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Blowing Smoke 

On campuses, marijuana legalization may change little

click to enlarge Tyler Markwart, an outspoken pro-marijuana student at WSU.
  • Tyler Markwart, an outspoken pro-marijuana student at WSU.

When a drug task force arrested an outspoken pro-marijuana student at Washington State University in 2011, it sent waves of fear through pot activists on campus.

Tyler Markwart, who had a prescription for the drug, says he was delivering marijuana to medical patients on campus and on the Palouse.

“I was producing and distributing high-quality medication at very low prices,” says Markwart, who founded the nonprofit Allele Seeds Research Group and lobbied WSU leaders to begin growing the plant on campus for research. “But I wasn’t just trying to set up a pot shop — I was trying to work gradually into it to see if I could get the support of the community behind me, so I started a delivery service.”

But for Markwart and other college students with medical marijuana prescriptions, the intersection of college policy, state law and a federal ban has sown confusion.

At state universities, officials are trying to answer a tricky question: How can the university comply with federal law without interfering with the rights of patients who have a prescription for medical marijuana?

Even if an initiative to legalize marijuana passes in November, the drug likely won’t be allowed on college campuses in Washington any time soon, according to university spokespeople across the state.

Initiative 502 would legalize the drug for medicinal and recreational uses, but a 1989 federal law would still ban marijuana on college campuses. Under the Drug-Free Schools and Communities Act of 1989, institutions that allow illegal drugs on campuses can be audited and lose federal funding.

“We can’t do anything that would threaten federal funding,” says Darin Watkins, WSU’s spokesman.

At the University of Washington, the passage of I-502 is not likely to change the university’s ban on marijuana, according to Norm Arkans, a university spokesman.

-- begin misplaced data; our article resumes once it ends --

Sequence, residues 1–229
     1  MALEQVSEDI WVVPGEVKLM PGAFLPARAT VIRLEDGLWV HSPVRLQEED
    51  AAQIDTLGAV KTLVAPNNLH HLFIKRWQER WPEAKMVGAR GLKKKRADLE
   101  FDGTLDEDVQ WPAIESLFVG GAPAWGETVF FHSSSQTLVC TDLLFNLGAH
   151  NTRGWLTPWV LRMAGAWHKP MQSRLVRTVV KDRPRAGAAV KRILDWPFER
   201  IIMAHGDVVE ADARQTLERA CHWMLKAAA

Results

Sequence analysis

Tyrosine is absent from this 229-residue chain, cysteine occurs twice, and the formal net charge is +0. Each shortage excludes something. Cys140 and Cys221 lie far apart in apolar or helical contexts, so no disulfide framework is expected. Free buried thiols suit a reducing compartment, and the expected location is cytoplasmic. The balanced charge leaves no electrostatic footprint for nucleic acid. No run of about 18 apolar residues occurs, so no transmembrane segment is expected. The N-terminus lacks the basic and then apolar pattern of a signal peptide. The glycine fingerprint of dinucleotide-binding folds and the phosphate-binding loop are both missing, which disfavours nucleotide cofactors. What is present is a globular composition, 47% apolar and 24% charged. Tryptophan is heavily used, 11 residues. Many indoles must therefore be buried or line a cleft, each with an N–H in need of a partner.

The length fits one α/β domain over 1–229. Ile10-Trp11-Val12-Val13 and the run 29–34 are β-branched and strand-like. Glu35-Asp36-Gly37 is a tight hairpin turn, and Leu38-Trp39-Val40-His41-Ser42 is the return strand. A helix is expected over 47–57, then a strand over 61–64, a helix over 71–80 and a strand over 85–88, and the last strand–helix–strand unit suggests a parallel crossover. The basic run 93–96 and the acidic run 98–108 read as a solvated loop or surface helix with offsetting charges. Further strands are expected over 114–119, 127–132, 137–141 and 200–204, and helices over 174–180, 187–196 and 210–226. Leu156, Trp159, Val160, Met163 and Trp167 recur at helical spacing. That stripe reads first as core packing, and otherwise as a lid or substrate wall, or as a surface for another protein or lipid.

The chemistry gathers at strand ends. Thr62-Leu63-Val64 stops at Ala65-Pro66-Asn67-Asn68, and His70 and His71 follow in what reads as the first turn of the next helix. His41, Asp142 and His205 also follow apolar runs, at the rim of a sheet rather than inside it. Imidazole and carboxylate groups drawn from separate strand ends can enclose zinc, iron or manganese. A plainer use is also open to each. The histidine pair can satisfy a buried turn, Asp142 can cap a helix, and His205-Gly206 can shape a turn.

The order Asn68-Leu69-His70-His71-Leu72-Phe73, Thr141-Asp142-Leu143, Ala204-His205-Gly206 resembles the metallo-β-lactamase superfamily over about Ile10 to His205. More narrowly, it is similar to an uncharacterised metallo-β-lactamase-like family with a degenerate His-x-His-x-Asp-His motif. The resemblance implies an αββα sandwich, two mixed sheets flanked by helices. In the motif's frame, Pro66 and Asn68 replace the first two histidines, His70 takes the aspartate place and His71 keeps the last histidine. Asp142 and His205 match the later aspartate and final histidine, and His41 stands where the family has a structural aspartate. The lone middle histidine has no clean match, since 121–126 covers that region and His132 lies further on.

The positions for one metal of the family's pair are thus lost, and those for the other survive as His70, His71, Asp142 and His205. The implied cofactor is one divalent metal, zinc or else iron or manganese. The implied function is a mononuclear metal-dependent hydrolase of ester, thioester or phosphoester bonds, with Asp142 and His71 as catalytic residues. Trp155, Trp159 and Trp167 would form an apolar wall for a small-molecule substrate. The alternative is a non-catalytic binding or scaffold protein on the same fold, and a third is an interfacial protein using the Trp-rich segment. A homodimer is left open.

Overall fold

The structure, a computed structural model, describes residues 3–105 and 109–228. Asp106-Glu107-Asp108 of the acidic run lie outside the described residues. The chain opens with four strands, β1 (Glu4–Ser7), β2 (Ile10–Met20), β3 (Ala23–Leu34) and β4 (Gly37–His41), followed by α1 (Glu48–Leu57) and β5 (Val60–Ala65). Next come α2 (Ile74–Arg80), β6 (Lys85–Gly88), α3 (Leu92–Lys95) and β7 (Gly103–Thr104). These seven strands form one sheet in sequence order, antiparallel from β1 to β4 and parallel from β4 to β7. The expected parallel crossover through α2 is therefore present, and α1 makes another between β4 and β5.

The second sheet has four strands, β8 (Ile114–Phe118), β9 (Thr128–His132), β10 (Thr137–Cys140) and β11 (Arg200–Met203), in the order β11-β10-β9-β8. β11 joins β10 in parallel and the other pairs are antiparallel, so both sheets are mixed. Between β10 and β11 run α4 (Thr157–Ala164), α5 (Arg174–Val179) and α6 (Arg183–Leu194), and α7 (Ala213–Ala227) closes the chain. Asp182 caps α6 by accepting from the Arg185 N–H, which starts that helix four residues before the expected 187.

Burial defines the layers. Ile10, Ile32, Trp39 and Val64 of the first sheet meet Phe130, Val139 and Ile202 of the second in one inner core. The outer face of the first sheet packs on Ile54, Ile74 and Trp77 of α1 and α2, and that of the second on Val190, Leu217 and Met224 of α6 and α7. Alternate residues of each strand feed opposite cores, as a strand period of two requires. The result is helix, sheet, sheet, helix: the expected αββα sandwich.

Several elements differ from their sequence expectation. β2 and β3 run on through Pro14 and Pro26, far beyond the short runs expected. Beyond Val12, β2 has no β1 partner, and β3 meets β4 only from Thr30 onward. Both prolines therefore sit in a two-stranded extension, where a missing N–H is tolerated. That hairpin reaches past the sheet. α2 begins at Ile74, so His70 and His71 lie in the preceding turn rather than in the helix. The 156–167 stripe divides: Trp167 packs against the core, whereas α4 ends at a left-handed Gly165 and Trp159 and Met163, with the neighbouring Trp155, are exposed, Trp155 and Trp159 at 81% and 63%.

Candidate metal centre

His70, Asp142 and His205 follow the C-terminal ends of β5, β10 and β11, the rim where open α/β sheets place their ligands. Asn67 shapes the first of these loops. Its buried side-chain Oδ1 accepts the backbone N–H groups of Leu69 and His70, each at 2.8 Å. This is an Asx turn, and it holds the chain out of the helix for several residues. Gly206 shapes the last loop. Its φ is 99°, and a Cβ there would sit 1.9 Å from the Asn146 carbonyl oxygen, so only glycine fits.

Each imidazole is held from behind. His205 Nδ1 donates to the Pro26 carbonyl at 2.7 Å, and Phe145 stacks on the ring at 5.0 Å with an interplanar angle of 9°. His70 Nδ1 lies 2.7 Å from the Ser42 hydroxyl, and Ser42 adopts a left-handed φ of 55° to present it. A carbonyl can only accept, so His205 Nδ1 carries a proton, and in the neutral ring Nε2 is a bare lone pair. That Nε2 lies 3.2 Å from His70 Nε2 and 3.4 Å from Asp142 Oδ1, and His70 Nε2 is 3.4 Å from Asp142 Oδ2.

“We would comply with the law that governs where those dollars flow,” Arkans says.

At WSU, all smoking — including cigarettes and slow-burning incense — is banned in residence halls. The university also prohibits marijuana use and possession on campus, even for those with medical prescriptions, Watkins says.

But Edwin Hamada, director of Residence Life at WSU, says the ban on marijuana is sometimes difficult to enforce in the dorms, especially when it comes to edibles, such as brownies baked with marijuana butter. This poses a conundrum for resident advisers, the primary enforcers of the policy in dorms. Unlike campus police, the advisers are students’ peers.

“It’s a sticky situation,” he says. “They’re not going to turn their back on policy, but also not going out of their way [to look for marijuana use].”

Markwart says he made several medical marijuana deliveries to patients on campus. Some of these patients lived in dorms and in campus housing, he says. In fact, Markwart says he used marijuana in the 21-and-older dorms as well.

“I used my vaporizer every day in my dorm room, with no problems from the RA, as they knew I was a medical patient,” he says in a Facebook message to a reporter.

In August, a Whitman County Superior Court judge sentenced Tyler J. Markwart, 31, to 80 days in jail and a $10,000 fine for three counts of felony marijuana delivery. He plans to appeal the sentence.

Watkins says students are prohibited from using marijuana in dorms, but agreed that the ban can be difficult to enforce. However, the university tries to accommodate medical marijuana users: The university waives the first-year on-campus housing requirement for students with medical cards, Watkins says.

Mark Cooke, drug policy advocate for the American Civil Liberties Union of Washington, says conflicting marijuana laws and policy have perplexed patients, as well as officials enforcing the various laws and policies.

“The current law doesn’t provide a lot of protection for patients,” Cooke says. “There’s a lot of confusion among the local government about how they should handle this issue. So it doesn’t surprise me to hear that there’s confusion at the college level as well.”

Student advocates say they don’t want to jeopardize federal funding for the university. However, Topsanna Littlestar, vice president of WSU’s branch of the National Organization for the Reform of Marijuana Laws, thinks the initiative — whether it passes or fails — might have relatively little impact on campus.

“There’s a lot of people who smoke on campus anyway,” she says. “They smoke in their dorms, they smoke on campus, they smoke joints walking to class. They do it anyway. So they’re going to keep doing what they’re doing right now, and they’re going to have a little bit less fear of getting busted for it.” 

This article was reported by the Murrow News Service, which distributes stories reported and written by journalism students at the Edward R. Murrow College of Communication at Washington State University.

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